The launch went well as I had arranged with a nearby boat yard to have several helpers on the boat in addition to Roy to help guide Intermezzo into the travelift slipway, which is only a couple of feet wider than Intermezzo’s maximum beam (width). It was high tide, conditions were calm and what little wind there was, was on the nose. It all made for an easy launch.
The only minor hiccup was the port engine not turning over when the boat got in the water. I had checked both starting batteries the day before and they had discharged quite a bit during six months of storage. I connected them to the house bank to charge them via the solar panels for the whole day and they both checked out with over 12 volts by evening. I was pretty confident that they would have enough juice to start the engines, but just to be sure I didn’t end up in an awkward situation in the slipway, I bought a small jump starter battery pack at the nearby Autozone shop. When it came time to start the engines, the starboard engine started up after a few revolutions but the port engine just went “click”. No worries, though. Roy jumped into the engine compartment, quickly connected the jump start pack and a few seconds later, the port engine was chugging along nicely. I highly recommend having one of these jump start packs on board if your house batteries are too far away from the starting batteries to use jumper cables, as they are on Intermezzo.
The port battery has been worrying me , seeming to lack cranking power compared to the starboard battery for the past year. I’ll bring both batteries into the shop for testing and maybe they can be renewed by applying an equalizing charge, a high voltage charging that gets the sulfates off the lead mats. I hope that works rather than replacing the batteries here because I am a devout believer in Lifeline batteries, a brand that is difficult to get in Mexico and expensive if you can find them.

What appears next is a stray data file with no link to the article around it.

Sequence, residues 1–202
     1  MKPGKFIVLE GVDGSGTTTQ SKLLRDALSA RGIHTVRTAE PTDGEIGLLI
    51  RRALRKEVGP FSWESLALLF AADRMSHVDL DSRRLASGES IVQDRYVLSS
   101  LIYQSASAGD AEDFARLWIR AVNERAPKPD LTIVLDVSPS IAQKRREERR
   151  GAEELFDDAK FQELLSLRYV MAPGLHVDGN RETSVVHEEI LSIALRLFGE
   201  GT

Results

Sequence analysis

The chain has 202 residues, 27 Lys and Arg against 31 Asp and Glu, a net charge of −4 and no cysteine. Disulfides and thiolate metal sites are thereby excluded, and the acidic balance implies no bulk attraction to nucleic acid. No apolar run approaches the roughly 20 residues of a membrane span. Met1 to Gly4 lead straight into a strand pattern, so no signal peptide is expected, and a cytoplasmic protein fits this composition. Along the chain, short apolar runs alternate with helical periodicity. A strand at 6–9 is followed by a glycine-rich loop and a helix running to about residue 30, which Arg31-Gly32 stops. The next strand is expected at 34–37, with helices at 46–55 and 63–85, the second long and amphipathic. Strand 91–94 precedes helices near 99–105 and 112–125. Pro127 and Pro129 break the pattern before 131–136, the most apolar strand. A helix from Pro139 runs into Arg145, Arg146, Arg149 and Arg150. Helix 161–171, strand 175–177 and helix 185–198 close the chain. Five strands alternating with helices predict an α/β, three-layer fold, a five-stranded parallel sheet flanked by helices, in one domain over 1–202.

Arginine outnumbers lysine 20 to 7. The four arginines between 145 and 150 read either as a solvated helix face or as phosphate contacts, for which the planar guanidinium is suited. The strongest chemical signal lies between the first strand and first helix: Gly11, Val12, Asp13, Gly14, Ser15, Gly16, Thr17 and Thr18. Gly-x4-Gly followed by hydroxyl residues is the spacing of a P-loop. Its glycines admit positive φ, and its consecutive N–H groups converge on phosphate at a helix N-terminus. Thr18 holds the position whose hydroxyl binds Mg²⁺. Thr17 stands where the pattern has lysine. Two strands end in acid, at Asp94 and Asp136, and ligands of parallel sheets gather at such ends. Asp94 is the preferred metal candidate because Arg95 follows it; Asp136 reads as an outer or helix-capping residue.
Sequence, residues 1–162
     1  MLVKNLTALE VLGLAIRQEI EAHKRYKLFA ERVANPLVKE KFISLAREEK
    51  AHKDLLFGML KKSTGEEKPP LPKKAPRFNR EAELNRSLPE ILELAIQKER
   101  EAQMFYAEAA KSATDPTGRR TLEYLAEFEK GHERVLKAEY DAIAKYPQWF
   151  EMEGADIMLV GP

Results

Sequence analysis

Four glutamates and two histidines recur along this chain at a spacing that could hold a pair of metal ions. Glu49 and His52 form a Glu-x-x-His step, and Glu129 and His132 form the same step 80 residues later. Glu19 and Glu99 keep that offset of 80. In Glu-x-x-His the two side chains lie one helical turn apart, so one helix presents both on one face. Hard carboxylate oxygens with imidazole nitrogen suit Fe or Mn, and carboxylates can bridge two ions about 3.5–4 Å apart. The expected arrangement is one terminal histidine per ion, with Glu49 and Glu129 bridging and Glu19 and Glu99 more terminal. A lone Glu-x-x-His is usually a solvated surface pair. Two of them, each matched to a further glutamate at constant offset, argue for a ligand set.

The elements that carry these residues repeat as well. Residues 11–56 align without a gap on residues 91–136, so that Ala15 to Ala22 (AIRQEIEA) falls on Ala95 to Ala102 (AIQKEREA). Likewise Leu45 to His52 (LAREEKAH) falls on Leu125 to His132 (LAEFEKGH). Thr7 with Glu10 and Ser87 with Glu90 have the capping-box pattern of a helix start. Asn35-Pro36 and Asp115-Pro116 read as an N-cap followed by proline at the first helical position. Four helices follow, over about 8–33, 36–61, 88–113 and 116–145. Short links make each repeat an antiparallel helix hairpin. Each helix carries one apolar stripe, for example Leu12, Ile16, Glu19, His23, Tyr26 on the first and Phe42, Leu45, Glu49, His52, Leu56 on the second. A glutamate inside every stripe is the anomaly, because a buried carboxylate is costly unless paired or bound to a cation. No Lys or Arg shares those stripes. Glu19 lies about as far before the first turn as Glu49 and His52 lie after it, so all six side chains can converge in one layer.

It was nice motoring to Marina Palmira with Roy on beautiful sunny day with a gentle breeze. Roy is enthusiastic, attentive, fit and has a solid set of skills from his diverse work experience in the oil industry, but he hasn’t sailed much. I used our short trip to acquaint him with aids to navigation (buoys) and rules of the road. I explained that even if a stand on vessel has right of way over a burdened vessel, the stand on vessel must take action to avoid collision if necessary. Right after explaining this, I had to speed Intermezzo up to avoid a collision with a panga to our port (the burdened vessel) commanded by a solo fisherman who was messing with his fishing gear instead of steering his boat. I told Roy, “See, that was just like a power boater from Alberta. You can’t trust them.” Roy is Canadian, from near Edmonton.
It felt good to sleep in my berth on Intermezzo last night. I still have to unpack a bunch of stuff and put things in their proper place, but the boat feels like home again. I went shopping at the Saturday street market today and filled the fridge and larder with fresh vegetables, staple ingredients for meals, a few bottles of wine and a bottle of rum.
Now to tackle the long list of pre-Voyage projects.
|Charging the starting batteries with solar panels via the house bank|
|Intermezzo in slung in the travelift, on the way to being splashed|
|The little ump starter battery pack that saved the day|
|My old friend Jeffery on the dock.|
No sign of his cousin, Sir Geoffrey yet.
|The pre-Voyage task list.|
I squeezed it onto one page.